TRANSPORT chiefs are planning to improve road safety on Edinburgh’s streets – by taking away pedestrian barriers.
A trial is to be carried out in the Capital to determine whether removing the guardrails will actually result in fewer accidents.
Evidence from councils in London found drivers slow down if rails are removed because pedestrians are more visible. It also stops the problem of pedestrians “vaulting” over rails into oncoming traffic.
If approved, all guardrails in the city centre and Leith will be assessed this autumn before a decision is taken on whether to scrap them.
Lesley Hinds, the city’s transport leader, told the Evening News: “We need to make sure that a pedestrian guardrail is actually doing the job it was meant for – keeping pedestrians safe. Guardrails can encourage drivers to drive faster, make streets inconvenient to cross, and also significantly diminishes the attractiveness of a street.
“However, we will ensure that communities are fully involved in the process and we aim to learn from other cities and areas that have implemented this, too. Our aim is to make Edinburgh a more attractive place to walk for both residents and visitors alike.”
Transport chiefs cited examples in the London Borough of Hackney, where road accident casualties halved from 41 to 19 over three years after 5km of rails were removed.
The most radical example is the ambitious £29 million redesign of Exhibition Road in Kensington, where rails, kerbs, pavements and signs were removed as part of a project to make motorists take more responsibility, which the Edinburgh scheme falls short of at present. Neil Greig, director of policy at the Institute of Advanced Motorists, said: “There is a current trend in road design towards shared spaces, the concept being drivers can see from the character of the road that they need to take care because of fewer barriers.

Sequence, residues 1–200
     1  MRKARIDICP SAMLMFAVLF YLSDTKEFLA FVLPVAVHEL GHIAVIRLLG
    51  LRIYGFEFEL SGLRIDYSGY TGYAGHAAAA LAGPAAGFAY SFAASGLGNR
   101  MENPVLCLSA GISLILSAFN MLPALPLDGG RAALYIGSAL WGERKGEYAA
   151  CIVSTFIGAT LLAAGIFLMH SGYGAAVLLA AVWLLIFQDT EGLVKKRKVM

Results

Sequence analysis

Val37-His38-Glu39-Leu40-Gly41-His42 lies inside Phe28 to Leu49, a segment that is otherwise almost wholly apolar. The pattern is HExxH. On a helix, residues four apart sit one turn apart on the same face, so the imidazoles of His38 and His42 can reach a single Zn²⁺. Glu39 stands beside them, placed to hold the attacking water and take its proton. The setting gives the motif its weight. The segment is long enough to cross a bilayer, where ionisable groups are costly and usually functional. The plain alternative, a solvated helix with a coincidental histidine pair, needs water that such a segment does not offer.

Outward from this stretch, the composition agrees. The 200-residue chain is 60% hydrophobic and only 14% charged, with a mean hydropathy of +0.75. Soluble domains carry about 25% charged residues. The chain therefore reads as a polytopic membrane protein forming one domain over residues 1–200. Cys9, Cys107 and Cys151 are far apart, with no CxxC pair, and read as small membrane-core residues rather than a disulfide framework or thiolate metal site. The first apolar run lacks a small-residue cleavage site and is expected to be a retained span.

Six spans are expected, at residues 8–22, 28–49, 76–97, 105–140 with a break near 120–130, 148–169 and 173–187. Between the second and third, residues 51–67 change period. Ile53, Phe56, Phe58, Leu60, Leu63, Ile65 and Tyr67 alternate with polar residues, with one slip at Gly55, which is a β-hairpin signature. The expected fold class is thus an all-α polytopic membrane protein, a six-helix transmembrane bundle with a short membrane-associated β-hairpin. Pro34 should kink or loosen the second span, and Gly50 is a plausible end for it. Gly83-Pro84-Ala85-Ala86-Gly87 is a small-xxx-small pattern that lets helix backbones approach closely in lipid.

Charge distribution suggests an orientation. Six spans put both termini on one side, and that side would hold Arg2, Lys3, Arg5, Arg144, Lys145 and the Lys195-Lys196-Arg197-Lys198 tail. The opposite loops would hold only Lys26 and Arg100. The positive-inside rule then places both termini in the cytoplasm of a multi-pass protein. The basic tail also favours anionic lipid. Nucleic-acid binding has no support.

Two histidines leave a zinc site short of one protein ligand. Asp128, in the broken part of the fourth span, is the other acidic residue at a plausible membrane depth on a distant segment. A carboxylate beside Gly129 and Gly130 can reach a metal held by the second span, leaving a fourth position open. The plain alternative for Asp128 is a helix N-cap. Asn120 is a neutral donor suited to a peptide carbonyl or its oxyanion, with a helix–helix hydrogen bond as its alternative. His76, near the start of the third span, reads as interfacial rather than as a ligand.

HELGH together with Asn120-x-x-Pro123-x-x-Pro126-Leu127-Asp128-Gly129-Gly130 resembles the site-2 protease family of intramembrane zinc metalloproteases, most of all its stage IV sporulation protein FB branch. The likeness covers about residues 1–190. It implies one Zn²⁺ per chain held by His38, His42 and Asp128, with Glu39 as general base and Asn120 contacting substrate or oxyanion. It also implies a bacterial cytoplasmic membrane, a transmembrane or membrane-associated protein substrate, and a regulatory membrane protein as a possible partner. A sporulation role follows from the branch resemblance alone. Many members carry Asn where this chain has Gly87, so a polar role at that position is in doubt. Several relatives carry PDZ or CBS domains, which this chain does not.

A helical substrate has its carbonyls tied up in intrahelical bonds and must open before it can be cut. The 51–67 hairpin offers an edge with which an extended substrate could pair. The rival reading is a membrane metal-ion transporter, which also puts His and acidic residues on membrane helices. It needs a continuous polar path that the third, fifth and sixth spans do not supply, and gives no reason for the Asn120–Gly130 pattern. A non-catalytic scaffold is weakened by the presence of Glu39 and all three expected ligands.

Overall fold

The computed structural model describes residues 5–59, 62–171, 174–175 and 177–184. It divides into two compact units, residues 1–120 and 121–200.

“In Hackney, there was a whole redesign of the road surface and a great deal of investment required. On the other hand, if in Edinburgh they are just taking up the pedestrian barrier and nothing else it might well be they are doing it on the cheap.”
Kathleen Braidwood, road safety officer at the Royal Society for the Prevention of Accidents in Scotland, welcomed the move but said the sites would have to be closely monitored to ensure the number of accidents reduces.
She said: “It must be remembered that every location is different and the effects of the scheme could differ from place to place. We would hope that the situation after guardrails have been removed would be monitored to evaluate the impact.”
Officials have been monitoring the Forrest Road/Teviot Place and Easter Road/Duke Street junction along with Leith Street, between Calton Road and Waterloo Place, which are likely to be among the first sites.
Mark Turley, director of the council’s services for communities, has outlined the plan in a report to be considered by councillors today.
He said: “Guardrail can create safety problems, for example by reducing the visibility of children through the railing from approaching vehicles, or by pedestrians ‘vaulting’. It is also a maintenance liability. For these reasons, there is a concern about the extensive use of pedestrian guardrail.”